Nepal Earthquake
Residents sit in a square on April 26, 2015 in Bhaktapur, Nepal. The 7.8 earthquake on Saturday (25 April) was followed by multiple aftershocks that triggered avalanches on Mt. Everest that buried mountain climbers in their base camps. Many houses, buildings and temples in the capital were destroyed during the earthquake, leaving thousands dead or trapped under the debris as emergency rescue workers attempt to clear debris and find survivors.Getty Images

As fresh aftershocks hit Nepal on Sunday 26 April, doctors were forced to treat the injured in makeshift operating theatres in car parks.

Medics from the Himalayan nation are battling with the mounting death toll from the monster quake, that is now exceeding 2,500 with over 6,000 reported injured since the 7.8 magnitude quake hit Nepal.

The aftershocks left several patients fearing going inside medical facilities to seek treatment, leaving medics with no option but to treat the injured in car parks.

"We have treated many people since yesterday [25 April], the majority children. Most patients have head injuries or fractures. Two of our patients died, two are critical," said Samir Acharya, a doctor at Annapurna Neurological Hospital, reported AFP News.

Acharya said medics were working out of a tent set up in a car park as hospitals are also reaching their capacity.

"Electricity has been cut off, communication systems are congested and hospital are crowded and are running out of room for storing dead bodies," Helen Szoke, Oxfam Australia chief executive told AFP News.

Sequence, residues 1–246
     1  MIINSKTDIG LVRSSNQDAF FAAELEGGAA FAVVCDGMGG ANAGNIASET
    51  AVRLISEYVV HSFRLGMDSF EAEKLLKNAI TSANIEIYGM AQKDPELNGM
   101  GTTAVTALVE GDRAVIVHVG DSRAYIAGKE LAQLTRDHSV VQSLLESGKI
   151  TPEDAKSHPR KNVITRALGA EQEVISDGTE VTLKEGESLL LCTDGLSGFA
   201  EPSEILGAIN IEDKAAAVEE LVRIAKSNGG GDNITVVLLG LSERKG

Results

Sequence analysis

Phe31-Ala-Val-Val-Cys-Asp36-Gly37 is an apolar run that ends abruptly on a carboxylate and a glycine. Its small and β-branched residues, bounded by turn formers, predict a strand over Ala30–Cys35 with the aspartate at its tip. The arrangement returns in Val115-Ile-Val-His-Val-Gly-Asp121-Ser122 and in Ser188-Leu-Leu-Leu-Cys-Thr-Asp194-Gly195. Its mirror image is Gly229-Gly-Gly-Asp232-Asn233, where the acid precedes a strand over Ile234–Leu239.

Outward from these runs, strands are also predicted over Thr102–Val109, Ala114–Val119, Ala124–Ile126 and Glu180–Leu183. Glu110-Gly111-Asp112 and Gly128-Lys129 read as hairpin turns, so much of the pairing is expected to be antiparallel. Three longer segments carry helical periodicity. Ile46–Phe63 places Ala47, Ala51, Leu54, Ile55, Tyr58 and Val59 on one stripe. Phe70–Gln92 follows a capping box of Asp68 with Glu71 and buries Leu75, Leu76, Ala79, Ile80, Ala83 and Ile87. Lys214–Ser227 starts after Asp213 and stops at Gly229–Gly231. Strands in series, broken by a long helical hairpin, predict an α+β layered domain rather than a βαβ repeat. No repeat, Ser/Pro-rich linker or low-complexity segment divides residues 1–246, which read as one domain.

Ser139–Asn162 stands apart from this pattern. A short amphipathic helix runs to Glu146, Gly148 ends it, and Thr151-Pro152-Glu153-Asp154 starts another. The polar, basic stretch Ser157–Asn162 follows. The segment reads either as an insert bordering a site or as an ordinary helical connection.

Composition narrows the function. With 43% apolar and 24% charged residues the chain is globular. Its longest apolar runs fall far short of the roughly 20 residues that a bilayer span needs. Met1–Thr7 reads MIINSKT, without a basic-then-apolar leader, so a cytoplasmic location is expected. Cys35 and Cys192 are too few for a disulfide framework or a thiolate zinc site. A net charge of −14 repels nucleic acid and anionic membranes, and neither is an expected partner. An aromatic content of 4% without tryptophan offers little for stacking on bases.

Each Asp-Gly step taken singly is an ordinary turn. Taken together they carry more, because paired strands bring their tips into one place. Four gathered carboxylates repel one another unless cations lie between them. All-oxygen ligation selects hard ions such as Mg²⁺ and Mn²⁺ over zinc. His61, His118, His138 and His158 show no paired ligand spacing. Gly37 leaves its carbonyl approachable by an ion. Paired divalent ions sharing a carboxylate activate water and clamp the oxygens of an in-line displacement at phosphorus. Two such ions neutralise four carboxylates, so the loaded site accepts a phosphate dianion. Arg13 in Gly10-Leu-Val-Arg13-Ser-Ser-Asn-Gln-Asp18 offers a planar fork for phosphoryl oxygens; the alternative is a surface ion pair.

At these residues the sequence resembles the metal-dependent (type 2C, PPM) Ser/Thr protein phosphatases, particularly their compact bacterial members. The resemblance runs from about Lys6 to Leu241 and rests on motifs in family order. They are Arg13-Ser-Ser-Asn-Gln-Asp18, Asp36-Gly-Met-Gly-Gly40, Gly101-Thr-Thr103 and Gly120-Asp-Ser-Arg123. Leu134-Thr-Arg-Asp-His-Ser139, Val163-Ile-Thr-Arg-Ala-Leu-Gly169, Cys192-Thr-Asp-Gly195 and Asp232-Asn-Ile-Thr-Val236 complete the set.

Deadliest Everest disaster

In what is being termed as the deadliest disaster to hit Mount Everest, fresh aftershocks triggered more avalanches hampering the on-going rescue efforts at the mountain base camp.

"People being stretchered out as choppers land -- half a dozen this morning. Weather clear, some snowfall," AFP's Nepal bureau chief Ammu Kannampilly reported from the base camp.

Streets across Kathmandu were reportedly impassable as government endorsed the city's residents, estimated at 1.2mn, to take shelter outside.

Residents took to school playgrounds and government offices in fears of continued aftershocks.

"The whole time I was thinking if the building next to me was going to come down on top of me," said Stephen Groves, a resident of Kathmandu, reported The New York Times.

"People here are in a panic, and every aftershock contributes to that. They are not going indoors, they are staying in the roads and in open areas. Many are searching for family members."

According to Groves, rumours around the city suggest the worst aftershocks are still to come.